- Fantastic battery life
- Great performance for the price
- Really cheap
- 2GB of RAM
- Lackluster camera
- No word on updating to Pie
Last year, Nokia impressed us with the Nokia 6, a midrange device available for around $200, and this year, the Nokia 6.1 offers a revised version of the device with some improved internals for better performance. It does cost a bit more, but for under $300, the Nokia 6.1 is a great buy for anyone on a GSM-equipped network that allows for easy switching between SIM cards. As always, this Nokia device is manufactured by HMD Global the owner of the Nokia brand name and the newly-acquired Palm brand name. The Nokia 6.1 has a lot in common with last year's device, but if you passed over the 2017 model, the 2018 Nokia 6.1 is a great purchase.
If one thing on the phone, feels a bit dated, it's the display. At a 16:9 aspect ratio, the phone features a 2016-look on a smartphone consumers will be picking up well into 2018. The minimized bezels we've seen on devices from all sorts of manufacturers, from Samsung and Apple to Google and HTC, help to make phones a bit easier to handle and to slip in pockets. The newer Nokia 6, arriving later this year, still features the same 16:9 display, however, so don't let that hold you back from upgrading on the device. Outside of the aspect ratio, the phone's display is actually pretty solid. It's a 5.5" 1080p LCD panel that manages to do a solid, if imperfect job. You won't mistake this for AMOLED, but it's a decent-enough screen that you won't feel like you're missing out compared to other devices.
Specs-wise, the Nokia 6 is about what you'd expect for a phone at this price range. It's powered by a Qualcomm Snapdragon 630 processor, a marked improvement from last year's device. Also found in the device: 3GB of RAM, a good middle-ground between the too-little 2GB and high-end 4GB offerings of other similar phones, a 16MP rear-facing camera with an 8MP camera on the front of the phone (more on the cameras below), along with 32GB of storage and a microSD card slot for expandable storage. You'll also find a USB-C port for charging and a 3.5mm headphone jack for listening to music. Finally, the battery clocks in at 3,000mAh, which should be large enough to get most users through a full day, though not much more.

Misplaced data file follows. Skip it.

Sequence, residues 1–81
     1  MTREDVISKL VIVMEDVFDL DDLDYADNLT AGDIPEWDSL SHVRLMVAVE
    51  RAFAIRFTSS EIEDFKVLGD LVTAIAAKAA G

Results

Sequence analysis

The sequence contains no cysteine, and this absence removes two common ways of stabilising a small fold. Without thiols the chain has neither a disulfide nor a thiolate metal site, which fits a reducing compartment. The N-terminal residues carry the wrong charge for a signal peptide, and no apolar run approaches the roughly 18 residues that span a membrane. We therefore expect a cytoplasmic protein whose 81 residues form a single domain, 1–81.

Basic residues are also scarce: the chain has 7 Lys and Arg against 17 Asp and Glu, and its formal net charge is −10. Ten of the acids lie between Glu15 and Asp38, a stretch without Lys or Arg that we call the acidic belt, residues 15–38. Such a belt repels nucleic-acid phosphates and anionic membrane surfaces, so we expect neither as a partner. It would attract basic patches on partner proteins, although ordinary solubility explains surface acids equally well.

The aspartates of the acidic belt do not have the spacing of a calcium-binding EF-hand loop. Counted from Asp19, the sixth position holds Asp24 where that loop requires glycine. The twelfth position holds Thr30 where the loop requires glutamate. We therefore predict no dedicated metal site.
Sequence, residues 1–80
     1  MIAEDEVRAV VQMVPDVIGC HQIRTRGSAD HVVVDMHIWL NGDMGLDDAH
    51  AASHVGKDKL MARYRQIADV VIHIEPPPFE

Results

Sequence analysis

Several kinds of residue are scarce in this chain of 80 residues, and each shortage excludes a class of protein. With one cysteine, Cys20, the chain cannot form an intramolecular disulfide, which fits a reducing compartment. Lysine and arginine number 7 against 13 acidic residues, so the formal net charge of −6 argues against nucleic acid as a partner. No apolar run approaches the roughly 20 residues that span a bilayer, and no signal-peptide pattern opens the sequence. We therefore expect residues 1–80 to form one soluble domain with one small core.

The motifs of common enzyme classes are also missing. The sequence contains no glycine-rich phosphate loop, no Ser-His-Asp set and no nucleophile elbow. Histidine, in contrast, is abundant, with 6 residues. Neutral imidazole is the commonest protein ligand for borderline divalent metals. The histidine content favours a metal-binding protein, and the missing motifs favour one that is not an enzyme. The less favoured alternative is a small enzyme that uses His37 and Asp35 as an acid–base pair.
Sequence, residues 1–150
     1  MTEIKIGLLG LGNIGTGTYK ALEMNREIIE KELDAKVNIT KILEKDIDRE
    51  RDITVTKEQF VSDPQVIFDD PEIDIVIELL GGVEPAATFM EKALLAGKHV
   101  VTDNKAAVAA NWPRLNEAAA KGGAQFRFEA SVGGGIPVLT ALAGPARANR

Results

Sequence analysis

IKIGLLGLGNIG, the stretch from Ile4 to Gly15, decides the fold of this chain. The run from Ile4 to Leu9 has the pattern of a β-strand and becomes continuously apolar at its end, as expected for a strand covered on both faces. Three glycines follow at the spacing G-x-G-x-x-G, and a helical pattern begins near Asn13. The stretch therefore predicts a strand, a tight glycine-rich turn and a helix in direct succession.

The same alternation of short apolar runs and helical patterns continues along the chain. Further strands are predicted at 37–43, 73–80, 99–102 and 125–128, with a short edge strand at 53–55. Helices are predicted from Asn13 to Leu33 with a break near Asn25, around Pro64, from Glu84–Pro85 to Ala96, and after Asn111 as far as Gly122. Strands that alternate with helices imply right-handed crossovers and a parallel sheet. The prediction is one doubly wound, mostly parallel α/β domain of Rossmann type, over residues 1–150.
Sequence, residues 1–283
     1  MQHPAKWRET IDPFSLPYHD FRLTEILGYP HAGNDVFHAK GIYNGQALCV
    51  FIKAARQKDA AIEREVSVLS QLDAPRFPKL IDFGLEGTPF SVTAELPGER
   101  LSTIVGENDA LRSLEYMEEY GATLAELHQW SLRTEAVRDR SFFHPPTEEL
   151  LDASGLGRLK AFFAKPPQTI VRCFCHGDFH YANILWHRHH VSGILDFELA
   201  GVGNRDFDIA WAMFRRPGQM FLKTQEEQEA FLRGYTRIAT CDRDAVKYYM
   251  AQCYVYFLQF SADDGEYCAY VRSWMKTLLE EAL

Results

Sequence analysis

Ultimately, the 2018 version of the Nokia 6 is a solid phone, and it's still one of the best of the Prime Exclusive devices (you can get the non-prime version for an extra $30). As long as you're on T-Mobile or AT&T (the two compatible carriers), you'll be happy with picking up a Nokia 6.
- Fantastic build for $200
- Stock Android
- Solid display
- Successor already announced
- Weak processor performance
- Slow updates
It should be no surprise to any of our readers that a phone with the word 'charge' in its name is primarily focused on providing extra-long battery life to its users. If you're looking for something that can give you two-day or longer runtime without needing a charge while keeping the price under $200, the X charge from LG promises to provide Amazon Prime members with a quality budget experience for only $170, now without any sort of advertisements on the lock screen.
Much of the phone is fairly low-end when it comes to specs. The body of the device uses a grey plastic back that will look familiar to any Android users from 2012, but with the price as low as it is, this shouldn't be too shocking overall. The display measures in at 5.5" with a 720p resolution; it's low, but that works in favor of the device's battery-saving techniques. The top and bottom of the device have large bezels that lead to the phone having only a 69 percent screen-to-body ratio, but again, at $170, no one will likely notice or care. The one problem we found with the display was its brightness—it's a bit dim, which makes it difficult to see outdoors. Likewise, the Snapdragon 425 isn't going to impress anyone here, and the camera should really only be used for quick, well-lit daytime photos.